Categorized | National News

Minister Apologises for Referendum

Gaming Minister Obie Wilchcombe on Thursday said the government owes the Bahamian public “an appreciative apology” for holding the January 2013 gaming referendum and now going against exactly what more than 44,000 Bahamians said they did not want – for web shops to be regulated in the country.

While addressing members of the media yesterday, the minister explained though that despite the backlash and criticisms the government’s back was against the wall.

“We do owe the government an appreciative apology for firstly participating in the gaming and secondly for the referendum and for revisiting it,” he explained. “We only had to revisit it because did accept what they said and we were going to leave it the way it was, but when the Central Bank raised the red flag and said problems were developing, we had to (regulate) because our financial services sector was in jeopardy and we had to make a decision and that decision was to regulate.”

The minister also on Thursday fired back at critics of the Gaming Bill who blasted the government for the move and questioned if that these proposed laws will open the door for corruption.

Soon after it was tabled, former Gaming Board Chairman Dr. Andre Rollins made the accusation and Free National Movement (FNM) Chairman Darron Cash agreed, adding that Dr. Rollins’s comments are another indictment of the prime minister and how he conducts his government.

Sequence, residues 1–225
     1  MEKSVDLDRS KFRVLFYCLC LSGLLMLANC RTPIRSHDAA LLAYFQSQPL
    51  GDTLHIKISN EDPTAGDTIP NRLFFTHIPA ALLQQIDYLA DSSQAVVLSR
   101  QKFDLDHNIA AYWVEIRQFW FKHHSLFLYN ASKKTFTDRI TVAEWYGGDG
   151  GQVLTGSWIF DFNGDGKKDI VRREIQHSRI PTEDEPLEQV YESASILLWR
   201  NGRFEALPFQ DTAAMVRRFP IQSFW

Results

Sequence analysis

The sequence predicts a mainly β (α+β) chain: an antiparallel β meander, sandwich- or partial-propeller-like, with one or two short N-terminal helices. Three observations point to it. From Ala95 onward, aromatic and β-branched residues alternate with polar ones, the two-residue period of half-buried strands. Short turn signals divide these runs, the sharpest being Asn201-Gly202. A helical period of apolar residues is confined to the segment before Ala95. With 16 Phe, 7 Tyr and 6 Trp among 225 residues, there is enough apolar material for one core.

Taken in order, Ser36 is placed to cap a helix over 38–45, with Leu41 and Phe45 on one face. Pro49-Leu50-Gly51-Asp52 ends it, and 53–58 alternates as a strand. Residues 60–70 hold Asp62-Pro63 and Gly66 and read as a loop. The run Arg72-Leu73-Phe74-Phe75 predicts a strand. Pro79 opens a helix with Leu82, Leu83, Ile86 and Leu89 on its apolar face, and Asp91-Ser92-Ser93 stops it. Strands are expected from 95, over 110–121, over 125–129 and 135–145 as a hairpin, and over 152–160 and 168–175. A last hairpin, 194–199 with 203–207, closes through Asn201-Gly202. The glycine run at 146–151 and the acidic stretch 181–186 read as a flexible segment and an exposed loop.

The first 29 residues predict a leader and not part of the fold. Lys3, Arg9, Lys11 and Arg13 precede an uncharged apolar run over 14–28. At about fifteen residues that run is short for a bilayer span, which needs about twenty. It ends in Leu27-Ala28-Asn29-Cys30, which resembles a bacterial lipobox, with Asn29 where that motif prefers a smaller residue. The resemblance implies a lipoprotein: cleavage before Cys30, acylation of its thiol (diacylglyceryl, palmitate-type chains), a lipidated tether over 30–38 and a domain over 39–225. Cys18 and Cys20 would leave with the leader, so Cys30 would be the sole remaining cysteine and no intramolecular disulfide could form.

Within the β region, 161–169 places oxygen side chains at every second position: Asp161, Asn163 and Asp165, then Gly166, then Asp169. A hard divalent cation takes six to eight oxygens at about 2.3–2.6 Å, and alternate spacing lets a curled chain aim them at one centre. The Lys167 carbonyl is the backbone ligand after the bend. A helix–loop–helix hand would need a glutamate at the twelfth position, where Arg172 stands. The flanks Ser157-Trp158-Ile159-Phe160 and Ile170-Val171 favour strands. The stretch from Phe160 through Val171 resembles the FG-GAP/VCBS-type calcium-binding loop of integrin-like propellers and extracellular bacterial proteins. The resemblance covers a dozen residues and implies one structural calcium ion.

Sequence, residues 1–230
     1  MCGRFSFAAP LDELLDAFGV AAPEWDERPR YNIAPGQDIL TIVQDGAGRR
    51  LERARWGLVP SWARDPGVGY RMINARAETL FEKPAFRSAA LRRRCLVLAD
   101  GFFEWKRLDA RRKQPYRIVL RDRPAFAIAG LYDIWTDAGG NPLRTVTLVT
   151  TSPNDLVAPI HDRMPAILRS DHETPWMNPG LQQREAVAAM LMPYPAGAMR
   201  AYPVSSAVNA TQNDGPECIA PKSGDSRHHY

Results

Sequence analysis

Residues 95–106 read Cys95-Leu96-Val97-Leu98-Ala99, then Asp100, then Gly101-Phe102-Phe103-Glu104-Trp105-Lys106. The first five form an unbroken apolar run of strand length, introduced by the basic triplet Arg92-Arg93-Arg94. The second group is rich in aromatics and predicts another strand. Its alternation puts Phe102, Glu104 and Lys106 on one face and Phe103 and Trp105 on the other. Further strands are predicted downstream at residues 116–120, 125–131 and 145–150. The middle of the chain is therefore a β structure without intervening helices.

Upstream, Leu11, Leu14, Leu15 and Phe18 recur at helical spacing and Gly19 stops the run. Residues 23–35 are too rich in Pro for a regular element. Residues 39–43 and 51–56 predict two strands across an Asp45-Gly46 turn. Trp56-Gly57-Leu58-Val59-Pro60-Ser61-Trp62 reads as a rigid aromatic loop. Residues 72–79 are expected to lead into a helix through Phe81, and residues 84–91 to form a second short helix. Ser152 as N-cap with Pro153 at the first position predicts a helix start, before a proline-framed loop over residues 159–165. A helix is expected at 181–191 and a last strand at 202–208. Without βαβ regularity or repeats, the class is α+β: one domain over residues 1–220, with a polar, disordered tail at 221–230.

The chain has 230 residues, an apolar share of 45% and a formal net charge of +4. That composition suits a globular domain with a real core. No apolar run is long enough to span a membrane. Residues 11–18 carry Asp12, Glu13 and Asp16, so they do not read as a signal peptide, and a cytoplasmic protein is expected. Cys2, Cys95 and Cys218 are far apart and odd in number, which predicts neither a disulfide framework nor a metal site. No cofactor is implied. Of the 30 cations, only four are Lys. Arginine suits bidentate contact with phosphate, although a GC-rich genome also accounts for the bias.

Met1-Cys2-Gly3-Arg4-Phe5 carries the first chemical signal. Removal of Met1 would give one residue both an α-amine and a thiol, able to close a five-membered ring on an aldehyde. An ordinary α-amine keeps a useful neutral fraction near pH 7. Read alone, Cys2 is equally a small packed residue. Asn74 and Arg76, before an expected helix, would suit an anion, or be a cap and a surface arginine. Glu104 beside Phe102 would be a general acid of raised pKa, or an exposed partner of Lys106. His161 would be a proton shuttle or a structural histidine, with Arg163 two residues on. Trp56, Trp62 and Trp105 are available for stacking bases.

“That’s a very narrow perspective,” he said. “How will that create corruption? The truth is that the Gaming Bill like all other bills are created to advance. We want to regulate control the environment not to cause for a proliferation of the environment that exists today.

“When the Free National Movement (FNM) allowed for the licensing, it opened the doors and we interpreted that as being a first step toward being a first step toward where we want to be today and we are starting at a high level, not a low level. Why does it have to be that the black man is always corrupt?”

The gaming minister said governments must govern and that is exactly what his is doing.

“We’re not concerned about criticism,” he said. “We took a giant step, a step that should have been taken years ago but could not be taken years ago the Bahamian people had to be ready for it.”

Written by Jones Bahamas

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